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Note: This page was created during the preparation of Cloud4all's first user tests ("first pilot") in 2013.

Installing GnomeTweakTool and Dconf Editor

To install GnomeTweakTool and Dconf Editor on Fedora 17 or 18 using Gnome-packagegit (a GUI):

  • Press the Windows key or Alt+F1.
  • Type "Software" and press Enter; this opens the GUI for adding and removing software.
  • Search "gnome-tweak-tool"; in the search results, check the checkbox for "gnome-tweak-tool" and press the button "Apply changes"; you will probably need to enter an administrator password to allow the installation.
  • Repeat the previous step for "dconf-editor".

To install GnomeTweakTool and Dconf Editor using the command line:

  • Open a terminal.
  • Log in in as root by typing "su --login" and provide your root password when you are prompted for it.
  • Run "yum install gnome-tweak-tool" and confirm that you want to install this package when you are prompted for it.
  • Run "yum install dconf-editor" and confirm that you want to install this package when you are prompted for it.
  • Type "exit" to log off as root.
  • You can now type "gnome-tweak-tool" and "dconf-editor" on the command line to run these tools.
  • You can also run these tools by pressing ALT + F1 (or by pressing the Windows key) and then entering "dconf" or "gnome-tweak" in the Run window.

(See other examples of using yum.)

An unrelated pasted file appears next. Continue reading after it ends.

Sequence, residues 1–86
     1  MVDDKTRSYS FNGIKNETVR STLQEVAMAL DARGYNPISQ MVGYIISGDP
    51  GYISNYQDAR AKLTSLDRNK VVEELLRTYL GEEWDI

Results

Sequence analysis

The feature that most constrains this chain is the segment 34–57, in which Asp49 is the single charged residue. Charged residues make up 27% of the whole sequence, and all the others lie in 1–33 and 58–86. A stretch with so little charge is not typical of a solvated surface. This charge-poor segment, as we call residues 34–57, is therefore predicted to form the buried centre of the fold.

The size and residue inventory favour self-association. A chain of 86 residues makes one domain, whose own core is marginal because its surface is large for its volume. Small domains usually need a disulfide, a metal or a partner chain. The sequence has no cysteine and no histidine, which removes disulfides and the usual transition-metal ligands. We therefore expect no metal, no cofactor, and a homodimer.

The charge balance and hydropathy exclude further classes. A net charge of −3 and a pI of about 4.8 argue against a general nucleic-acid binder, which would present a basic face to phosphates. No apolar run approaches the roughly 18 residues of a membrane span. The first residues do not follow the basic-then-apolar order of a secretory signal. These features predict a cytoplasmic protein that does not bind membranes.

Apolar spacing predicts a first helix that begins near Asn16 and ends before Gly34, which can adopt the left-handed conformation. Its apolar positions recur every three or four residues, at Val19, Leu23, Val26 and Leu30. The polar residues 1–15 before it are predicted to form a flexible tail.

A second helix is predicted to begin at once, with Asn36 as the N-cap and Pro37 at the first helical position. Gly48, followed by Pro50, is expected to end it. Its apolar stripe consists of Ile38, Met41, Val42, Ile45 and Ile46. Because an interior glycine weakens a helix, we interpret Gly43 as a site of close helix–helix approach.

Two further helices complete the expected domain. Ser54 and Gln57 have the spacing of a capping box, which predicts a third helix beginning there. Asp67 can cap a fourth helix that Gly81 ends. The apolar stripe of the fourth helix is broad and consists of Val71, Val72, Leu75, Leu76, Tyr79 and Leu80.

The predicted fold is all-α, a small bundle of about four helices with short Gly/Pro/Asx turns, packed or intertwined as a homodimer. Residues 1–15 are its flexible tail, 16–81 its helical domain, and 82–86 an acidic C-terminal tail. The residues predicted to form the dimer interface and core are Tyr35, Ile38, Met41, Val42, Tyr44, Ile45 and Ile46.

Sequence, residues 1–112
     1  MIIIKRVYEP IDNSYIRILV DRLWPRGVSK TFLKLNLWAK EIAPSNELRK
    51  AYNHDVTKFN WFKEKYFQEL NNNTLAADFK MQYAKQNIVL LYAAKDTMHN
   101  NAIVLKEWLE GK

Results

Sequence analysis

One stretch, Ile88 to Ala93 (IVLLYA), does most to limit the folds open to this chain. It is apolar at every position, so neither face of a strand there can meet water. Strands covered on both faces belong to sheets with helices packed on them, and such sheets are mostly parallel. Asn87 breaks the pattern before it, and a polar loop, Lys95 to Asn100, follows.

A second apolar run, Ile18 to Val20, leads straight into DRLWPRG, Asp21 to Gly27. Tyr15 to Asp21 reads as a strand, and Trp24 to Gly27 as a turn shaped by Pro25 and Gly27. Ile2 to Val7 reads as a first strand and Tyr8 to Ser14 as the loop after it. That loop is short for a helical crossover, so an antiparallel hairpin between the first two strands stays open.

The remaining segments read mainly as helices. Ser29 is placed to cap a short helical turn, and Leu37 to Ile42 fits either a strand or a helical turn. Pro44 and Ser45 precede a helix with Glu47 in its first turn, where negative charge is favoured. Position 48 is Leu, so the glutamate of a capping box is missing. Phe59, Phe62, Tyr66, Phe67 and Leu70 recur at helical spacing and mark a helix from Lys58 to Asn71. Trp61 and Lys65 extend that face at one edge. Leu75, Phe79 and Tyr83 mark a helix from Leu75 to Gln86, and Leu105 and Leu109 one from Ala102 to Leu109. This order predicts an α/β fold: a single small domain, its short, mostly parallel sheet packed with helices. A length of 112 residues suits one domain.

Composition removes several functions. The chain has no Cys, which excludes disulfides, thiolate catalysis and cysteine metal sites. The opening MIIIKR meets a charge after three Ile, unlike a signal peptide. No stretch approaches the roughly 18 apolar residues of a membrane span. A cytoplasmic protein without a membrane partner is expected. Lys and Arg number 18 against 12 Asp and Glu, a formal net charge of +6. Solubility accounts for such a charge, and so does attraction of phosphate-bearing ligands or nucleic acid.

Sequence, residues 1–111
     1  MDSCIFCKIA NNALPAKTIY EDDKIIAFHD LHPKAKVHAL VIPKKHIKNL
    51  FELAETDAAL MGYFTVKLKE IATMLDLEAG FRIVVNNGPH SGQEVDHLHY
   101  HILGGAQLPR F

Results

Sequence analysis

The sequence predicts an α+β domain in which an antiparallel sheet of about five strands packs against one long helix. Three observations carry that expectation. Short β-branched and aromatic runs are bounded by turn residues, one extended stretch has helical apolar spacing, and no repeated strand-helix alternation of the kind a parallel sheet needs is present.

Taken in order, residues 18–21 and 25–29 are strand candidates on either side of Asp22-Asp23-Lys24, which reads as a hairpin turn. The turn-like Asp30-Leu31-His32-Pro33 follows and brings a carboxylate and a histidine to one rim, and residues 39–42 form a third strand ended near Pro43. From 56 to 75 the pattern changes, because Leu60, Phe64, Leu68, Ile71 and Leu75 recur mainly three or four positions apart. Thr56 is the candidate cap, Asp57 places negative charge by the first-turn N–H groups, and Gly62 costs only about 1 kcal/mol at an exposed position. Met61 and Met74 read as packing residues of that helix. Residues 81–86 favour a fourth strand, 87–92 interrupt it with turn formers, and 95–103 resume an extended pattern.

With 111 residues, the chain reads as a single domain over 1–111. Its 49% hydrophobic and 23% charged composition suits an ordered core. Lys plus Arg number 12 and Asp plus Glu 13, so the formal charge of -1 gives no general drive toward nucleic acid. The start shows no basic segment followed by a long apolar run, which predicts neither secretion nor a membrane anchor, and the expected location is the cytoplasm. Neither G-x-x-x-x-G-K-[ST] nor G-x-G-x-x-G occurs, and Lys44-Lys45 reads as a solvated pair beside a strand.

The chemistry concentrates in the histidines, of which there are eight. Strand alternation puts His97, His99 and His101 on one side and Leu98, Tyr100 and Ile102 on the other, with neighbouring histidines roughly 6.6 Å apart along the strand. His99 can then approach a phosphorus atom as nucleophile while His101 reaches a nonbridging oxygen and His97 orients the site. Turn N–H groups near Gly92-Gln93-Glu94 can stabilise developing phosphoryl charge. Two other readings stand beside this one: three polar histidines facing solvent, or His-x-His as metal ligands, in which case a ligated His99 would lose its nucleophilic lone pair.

Sound Card Issues

If Orca remains silent, this may be due to a more general sound issue. If your hardware does not use HDMI, the following steps may work. (Sound problems related to HDMI for Fedora 17 have been discussed on FedoraForum, esp. for NVDIA GeForce cards.)

  • First, look for the sound device:
    • open a terminal (press Alt + F1, type "terminal" into the search box and press Enter),
    • in the terminal, type lspci and look for the sound device in the output,
    • make a note of the number before the sound device, e.g. the first numbers in the line 00:05.0 Multimedia audio controller: Intel Corporation 82801AA AC'97 Audio Controller (rev 01)</kdb>.
  • Go to the sound settings (e.g. the speaker icon at the top of the screen in Fedora 18) and check whether the device you find in the previous step is listed there.
  • If the sound device is not listed, run alsamixer in the terminal.
    • Press F6 to select the sound card (in the list that appears after pressing F6, use the up and down arrows to move through the list, and the Enter key to confirm your choice).
    • Go back to the sound settings and test the speakers.
  • If there is still no sound, go to the terminal, run and lspci -n | grep @@:@@.@; "@@:@@.@" stands for the numbers in the first field from the previous listing. (To continue from the previous example: lspci -n | grep 00:05.0.) This gives the device's product ID.
  • Try running alsactl init in the terminal. (See Red Hat Bugzilla – Bug 896164.)
    • Go back to the sound settings and test the speakers.

Note: Running alsactl init only solved the issue for the current session; you would need to run this again next time you log in to Fedora. A more permanent solution is described below.


  • In the terminal, go to the directory /etc/xdg/autostart.
  • Create an empty file named alsactl-init.desktop by typing sudo touch alsactl-init.desktop. (You'll need sudo because otherwise you don't have permission to create a file in

that location.) Enter your password when requested.

  • Open the file in gedit by typing sudo gedit alsactl-init.desktop. You need to use sudo and your password for the same reasons as in the previous step.
  • Add the following lines and save the file:
[Desktop Entry]
Name=ALSA initialisation
Comment=ALSA custom initialisation
Exec=alsactl init
  • Sound should be working the next time you log in.